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When Does That Expire?

A new initiative is focused on making food labels less confusing and reducing food waste.

By Kellee Katagi

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Sell by…” “Use by…” “Enjoy by…” These are just three of 10 expiration-date labels you might see on your next trip to the grocery store, in addition to products that have a date with no explanation at all. Problem is, research shows that most consumers don’t understand what these labels actually mean, which leads to tons (literally) of unnecessary food waste. One survey found that 91 percent of people have thrown out food because they mistakenly thought it was no longer fit to eat. 

Fortunately, help is on the way in the form of an initiative launched by Trading Partner Alliance (TPA)—a widespread, collaborative body of grocery manufacturers and retailers—that urges all food manufacturers to use only two labels: either “BEST If Used By” (or “BEST If Used or Frozen By”) or “USE By” (or “USE or Freeze By”). The former indicates when a product reaches its peak freshness (as estimated by the manufacturer), but doesn’t mean it’s no longer safe to eat after that time. The latter means the food might present a safety concern if consumed after that date. TPA is calling for all product labels to adopt the format by this July.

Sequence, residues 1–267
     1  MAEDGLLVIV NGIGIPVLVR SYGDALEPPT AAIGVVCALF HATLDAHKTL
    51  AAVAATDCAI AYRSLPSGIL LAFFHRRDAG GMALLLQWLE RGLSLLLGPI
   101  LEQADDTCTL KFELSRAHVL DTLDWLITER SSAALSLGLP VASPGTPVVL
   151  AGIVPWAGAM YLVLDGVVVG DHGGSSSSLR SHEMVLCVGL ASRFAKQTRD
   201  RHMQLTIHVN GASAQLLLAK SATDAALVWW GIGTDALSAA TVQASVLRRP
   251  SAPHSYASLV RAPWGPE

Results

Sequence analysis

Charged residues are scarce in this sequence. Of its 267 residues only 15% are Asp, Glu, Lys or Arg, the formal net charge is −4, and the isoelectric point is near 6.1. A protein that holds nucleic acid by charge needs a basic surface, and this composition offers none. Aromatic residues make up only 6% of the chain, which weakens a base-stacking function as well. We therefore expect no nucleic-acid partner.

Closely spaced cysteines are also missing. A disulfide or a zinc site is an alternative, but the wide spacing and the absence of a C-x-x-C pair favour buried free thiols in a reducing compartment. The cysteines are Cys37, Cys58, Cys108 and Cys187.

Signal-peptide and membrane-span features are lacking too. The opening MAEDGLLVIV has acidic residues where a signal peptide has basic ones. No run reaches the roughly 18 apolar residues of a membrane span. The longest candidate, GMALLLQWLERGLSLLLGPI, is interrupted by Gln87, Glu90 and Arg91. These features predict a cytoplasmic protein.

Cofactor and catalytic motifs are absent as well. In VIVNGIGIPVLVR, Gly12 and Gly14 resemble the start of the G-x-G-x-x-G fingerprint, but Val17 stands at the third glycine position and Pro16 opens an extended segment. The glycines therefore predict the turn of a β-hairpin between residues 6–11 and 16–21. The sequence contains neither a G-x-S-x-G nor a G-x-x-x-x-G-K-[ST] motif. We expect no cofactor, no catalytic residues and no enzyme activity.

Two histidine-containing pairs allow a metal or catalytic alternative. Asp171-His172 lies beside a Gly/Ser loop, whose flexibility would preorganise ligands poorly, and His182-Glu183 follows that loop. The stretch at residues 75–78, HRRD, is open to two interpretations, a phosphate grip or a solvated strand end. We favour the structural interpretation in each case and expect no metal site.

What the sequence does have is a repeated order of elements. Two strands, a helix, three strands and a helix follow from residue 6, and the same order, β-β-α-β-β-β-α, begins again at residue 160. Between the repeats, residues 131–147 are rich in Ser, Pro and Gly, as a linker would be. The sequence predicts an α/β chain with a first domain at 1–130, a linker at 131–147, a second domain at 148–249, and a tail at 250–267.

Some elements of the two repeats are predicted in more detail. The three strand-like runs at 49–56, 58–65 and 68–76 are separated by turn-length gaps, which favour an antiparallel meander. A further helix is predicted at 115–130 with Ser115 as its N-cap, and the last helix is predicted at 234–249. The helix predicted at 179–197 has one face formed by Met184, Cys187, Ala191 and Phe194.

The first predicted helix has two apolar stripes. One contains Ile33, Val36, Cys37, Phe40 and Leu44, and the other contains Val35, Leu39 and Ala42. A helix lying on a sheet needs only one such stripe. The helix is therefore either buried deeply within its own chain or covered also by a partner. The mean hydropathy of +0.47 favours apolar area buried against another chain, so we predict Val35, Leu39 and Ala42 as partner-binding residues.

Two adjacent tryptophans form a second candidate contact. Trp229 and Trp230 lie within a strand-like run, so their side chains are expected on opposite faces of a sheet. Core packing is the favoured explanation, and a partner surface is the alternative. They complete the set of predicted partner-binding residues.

But even this simplification isn’t as simple as you might hope. A few variations you might still see include abbreviations—“BEST By,” “BEST,” “BB” or “USE”—for small packages, and additional instructions like “Use within 7 days of opening.”

Kellee Katagi is one of those strange souls who actually enjoys working out for the sake of working out. She’s spent most of her 20-plus-year writing and editing career covering fitness, nutrition and travel, as well as outdoor sports ranging from skiing to spelunking to street luge (yes, that’s a thing).

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